This blog’s been going for a little over a year and a half now and after 48 posts, we have finally arrived at the advent of the Velvet Underground. That moves us into a new phase and there will be a bit of a hiatus while I do some research.
Recently I walked into Pegasus Books in Berkeley and there on the shelf was a brand-new Lou Reed biography, King of New York by Will Hermes. My first reaction, I must admit, was to sigh — not another one. But I guess I’ll have to get it; the excerpt in the Times was great, and I’d hate to miss something.
Also by way of preparation, I got myself a copy of the 1963 paperback that supplied the band name. Just the cover of this thing is a piece of work:
The title page says this:
HE MAY BE THE MAN NEXT DOOR
…she may be the woman who sits beside you in church. Every-day people, leading every-day lives. You know them well. You’d say “Impossible!” if you were told that they also inhabit another world, one so ugly and evil that its existence must be a carefully guarded secret.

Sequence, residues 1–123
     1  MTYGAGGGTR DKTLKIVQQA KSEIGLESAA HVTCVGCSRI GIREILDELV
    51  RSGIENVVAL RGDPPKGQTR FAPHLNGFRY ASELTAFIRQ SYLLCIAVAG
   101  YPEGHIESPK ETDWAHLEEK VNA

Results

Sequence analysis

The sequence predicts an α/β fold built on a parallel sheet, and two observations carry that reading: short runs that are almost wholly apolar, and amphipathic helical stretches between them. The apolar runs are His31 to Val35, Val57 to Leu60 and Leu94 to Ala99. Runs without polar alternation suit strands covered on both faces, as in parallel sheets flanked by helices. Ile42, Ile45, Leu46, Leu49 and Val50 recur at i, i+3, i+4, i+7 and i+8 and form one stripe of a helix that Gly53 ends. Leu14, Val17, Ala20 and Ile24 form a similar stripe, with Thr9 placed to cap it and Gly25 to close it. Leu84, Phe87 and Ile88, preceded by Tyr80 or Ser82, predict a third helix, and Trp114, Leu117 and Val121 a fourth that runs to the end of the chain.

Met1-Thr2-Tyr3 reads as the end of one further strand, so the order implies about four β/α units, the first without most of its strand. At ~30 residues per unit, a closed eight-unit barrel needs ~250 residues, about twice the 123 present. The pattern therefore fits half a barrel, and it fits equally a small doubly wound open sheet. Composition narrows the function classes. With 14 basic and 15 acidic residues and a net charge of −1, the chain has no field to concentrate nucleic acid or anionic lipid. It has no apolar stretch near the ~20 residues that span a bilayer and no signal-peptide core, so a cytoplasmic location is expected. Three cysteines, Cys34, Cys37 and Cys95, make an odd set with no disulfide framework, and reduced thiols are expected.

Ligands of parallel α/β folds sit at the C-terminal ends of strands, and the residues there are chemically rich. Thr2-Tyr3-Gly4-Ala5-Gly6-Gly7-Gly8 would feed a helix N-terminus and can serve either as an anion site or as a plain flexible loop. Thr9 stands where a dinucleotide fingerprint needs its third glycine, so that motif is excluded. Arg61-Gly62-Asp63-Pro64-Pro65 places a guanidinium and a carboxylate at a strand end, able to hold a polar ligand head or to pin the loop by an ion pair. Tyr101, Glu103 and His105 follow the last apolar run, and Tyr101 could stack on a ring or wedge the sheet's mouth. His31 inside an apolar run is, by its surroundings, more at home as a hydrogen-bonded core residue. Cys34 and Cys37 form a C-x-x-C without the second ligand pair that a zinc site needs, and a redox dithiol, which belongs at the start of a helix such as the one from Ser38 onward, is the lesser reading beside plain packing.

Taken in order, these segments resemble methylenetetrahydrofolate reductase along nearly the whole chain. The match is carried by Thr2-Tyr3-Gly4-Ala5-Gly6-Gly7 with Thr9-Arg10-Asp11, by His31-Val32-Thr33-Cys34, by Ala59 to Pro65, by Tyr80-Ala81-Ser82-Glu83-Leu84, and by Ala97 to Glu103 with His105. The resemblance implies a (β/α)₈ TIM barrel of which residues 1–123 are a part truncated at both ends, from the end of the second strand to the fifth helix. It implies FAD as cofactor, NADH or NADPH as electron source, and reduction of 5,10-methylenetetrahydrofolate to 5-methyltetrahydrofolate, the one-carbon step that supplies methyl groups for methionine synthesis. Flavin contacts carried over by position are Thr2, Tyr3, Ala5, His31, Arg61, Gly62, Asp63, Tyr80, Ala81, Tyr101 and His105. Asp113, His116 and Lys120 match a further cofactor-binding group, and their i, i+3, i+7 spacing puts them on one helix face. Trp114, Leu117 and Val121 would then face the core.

This is the “velvet underground,” where every possible sexual depravity is practiced. It is the nightmare meeting-place of the sado-masochist, the wife/husband swappers and the seekers after unspeakable pornography… to mention only a few.
On these pages, the full facts are revealed. You will be astounded by the numbers of participants involved. But most of all you will be stunned by their identities. You know them so well… the man next door… the nice lady down the street….
Legend has it that Reed and Cale happened across a copy of The Velvet Underground that Tony Conrad — John Cale roommate and ex-Primitive — had picked up off the street. (There is some dispute over whether this is exactly how it went down, but, you know… print the legend.) They knew a good band name when they saw it.
According to Anthony DeCurtis’s Lou Reed: A Life:
The title appealed to the band because the term “underground” was already being used to describe the experimental film scene taking shape in downtown New York…. That Reed, who actually read the book, was fascinated, both personally and as a songwriter, with what would at the time have been termed sexual deviance only made the reference, obscure as it would have been to most people, all the more fitting.
Given all that, I have to at least start The Velvet Underground; how could I not? Whether I’ll finish it who knows. I’ll report back in when the time is ripe.